Mike: It is both a benefit and a constraint. The benefit is that first and foremost, the regulation brought clarity and transparency.
Also, Japan is the 3rd largest economy in the world and one of the most conservative.

Having a license in Japan requires Liquid to have all the best practices to operate a safe and secure exchange to protect our users.

And we bring the best practices to our global business.

We also have a custody license in Japan, which is one of the most trusted countries in the world. This brings safety and security to our users. And we are applying a license in Japan and the US.

But this comes with challenges as you have a lot of compliance cost. And we can not aggressively launch new products.

But it is ok. We believe our users prefer a safe and secure and regulated exchange.

My recommendation to people outside is that it is extremely difficult to get a license in Japan. But more difficult to maintain it.

Tian: As one of few Japanese exchange that is actively expanding oversea market. Liquid is an advanced International exchange. We also feel it’s profession when working with Liquid team. Is it because of the Japanese strict regulation which made Liquid enter oversea markets? How does Liquid successfully extend the International market?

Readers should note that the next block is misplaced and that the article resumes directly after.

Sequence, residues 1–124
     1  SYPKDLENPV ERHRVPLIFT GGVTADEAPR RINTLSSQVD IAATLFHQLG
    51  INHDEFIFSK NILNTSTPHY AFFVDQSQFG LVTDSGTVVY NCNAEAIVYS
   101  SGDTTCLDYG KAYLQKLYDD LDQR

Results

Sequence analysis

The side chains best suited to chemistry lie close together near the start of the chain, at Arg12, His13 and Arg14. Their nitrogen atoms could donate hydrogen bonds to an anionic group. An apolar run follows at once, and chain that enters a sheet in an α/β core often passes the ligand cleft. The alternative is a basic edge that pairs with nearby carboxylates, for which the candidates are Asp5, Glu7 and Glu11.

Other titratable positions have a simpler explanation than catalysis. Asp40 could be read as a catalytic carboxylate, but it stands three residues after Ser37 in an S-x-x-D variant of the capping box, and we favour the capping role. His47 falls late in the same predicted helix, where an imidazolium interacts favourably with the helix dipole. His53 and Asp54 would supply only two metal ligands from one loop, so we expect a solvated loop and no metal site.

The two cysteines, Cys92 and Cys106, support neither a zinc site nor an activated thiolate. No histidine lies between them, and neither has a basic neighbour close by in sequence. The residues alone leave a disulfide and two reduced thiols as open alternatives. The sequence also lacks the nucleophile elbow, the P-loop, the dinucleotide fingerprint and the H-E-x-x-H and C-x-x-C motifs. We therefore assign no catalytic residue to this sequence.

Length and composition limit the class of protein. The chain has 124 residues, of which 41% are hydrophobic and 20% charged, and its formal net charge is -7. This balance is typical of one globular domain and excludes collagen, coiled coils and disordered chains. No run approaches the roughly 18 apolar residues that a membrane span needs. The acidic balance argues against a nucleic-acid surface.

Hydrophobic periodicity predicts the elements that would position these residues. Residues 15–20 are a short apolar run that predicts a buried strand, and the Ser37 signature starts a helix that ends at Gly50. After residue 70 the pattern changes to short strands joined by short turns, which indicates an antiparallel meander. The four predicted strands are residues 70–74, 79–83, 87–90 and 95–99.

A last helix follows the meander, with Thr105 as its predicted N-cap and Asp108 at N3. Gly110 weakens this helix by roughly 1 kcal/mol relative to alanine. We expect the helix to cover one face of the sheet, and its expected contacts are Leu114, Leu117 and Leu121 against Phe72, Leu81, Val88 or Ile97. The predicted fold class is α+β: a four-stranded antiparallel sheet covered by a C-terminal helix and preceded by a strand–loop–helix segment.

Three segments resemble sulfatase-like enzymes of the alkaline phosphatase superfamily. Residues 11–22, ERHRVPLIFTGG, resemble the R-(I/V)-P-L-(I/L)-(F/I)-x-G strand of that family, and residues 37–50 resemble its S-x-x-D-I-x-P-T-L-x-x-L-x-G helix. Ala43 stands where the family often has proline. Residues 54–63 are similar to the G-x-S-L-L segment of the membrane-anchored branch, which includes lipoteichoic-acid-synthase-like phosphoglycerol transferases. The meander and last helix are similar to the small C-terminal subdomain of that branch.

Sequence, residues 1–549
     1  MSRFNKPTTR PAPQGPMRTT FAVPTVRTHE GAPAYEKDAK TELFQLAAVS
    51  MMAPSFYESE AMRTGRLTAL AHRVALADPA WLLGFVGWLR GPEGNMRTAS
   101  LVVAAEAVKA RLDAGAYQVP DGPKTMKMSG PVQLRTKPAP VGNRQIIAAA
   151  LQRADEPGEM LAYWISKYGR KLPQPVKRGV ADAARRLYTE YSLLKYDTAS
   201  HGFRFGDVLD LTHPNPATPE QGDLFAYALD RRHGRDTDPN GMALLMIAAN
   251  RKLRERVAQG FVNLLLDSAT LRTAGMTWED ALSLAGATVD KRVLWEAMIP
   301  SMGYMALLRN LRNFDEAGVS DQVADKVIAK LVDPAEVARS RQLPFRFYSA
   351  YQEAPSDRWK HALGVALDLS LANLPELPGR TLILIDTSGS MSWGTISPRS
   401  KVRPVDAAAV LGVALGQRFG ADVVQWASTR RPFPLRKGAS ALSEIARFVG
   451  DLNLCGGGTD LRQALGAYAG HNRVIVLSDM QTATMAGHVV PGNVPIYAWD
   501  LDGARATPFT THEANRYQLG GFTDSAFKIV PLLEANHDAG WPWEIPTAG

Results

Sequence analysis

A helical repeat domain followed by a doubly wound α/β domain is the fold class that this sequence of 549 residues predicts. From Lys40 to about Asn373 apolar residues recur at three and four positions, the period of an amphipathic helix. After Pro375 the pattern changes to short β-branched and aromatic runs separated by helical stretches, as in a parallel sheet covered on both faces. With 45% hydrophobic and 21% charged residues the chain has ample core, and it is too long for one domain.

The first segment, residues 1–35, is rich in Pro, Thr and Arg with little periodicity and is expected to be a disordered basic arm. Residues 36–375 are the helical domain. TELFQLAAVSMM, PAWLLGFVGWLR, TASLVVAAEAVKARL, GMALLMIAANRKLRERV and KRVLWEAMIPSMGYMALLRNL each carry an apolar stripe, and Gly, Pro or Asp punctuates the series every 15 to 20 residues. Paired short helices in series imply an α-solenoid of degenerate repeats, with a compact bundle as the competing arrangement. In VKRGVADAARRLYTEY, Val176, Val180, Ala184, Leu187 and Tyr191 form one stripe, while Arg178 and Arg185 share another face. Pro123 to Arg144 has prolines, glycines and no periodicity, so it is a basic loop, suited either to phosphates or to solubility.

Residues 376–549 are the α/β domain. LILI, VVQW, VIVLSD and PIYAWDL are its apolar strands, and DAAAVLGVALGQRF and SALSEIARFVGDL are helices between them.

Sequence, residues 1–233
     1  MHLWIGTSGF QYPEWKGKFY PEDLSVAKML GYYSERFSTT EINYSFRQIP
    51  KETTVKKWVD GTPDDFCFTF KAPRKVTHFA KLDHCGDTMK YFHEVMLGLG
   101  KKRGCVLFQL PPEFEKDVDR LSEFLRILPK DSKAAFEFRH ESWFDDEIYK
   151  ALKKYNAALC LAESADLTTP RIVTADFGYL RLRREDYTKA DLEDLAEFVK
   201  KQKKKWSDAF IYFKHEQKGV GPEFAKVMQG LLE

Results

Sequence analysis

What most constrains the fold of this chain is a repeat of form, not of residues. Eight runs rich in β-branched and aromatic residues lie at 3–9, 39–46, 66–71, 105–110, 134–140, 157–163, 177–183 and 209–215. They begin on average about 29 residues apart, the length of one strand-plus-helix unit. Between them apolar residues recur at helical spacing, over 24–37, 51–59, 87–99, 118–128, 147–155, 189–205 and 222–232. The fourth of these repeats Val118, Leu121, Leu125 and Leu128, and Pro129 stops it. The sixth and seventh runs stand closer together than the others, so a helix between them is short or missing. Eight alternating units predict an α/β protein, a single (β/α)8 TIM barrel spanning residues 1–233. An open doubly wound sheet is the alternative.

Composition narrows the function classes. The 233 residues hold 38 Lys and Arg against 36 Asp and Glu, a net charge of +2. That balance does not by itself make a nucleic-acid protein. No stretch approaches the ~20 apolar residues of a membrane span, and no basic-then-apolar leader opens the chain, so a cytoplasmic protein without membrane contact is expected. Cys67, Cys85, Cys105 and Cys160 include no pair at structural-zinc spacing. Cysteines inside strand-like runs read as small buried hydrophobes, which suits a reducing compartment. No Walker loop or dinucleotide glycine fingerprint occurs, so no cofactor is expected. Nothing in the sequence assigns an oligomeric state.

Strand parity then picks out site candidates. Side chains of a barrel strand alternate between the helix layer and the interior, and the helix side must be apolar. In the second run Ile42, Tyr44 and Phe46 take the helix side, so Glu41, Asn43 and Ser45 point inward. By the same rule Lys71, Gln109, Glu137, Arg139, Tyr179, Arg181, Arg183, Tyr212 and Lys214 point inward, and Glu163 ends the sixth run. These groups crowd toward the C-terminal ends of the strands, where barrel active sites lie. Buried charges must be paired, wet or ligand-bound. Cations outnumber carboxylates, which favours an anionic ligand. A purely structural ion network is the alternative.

Mike: Yes but we were global first.
We started in Singapore in 2014.

But since our Japanese userbase was strong and active, we made a conscious decision to move into Japan. And our management team is hybrid. It is important to be local but also global. And it has it pros and cons.

We believe having the right balance of international and Japan is good.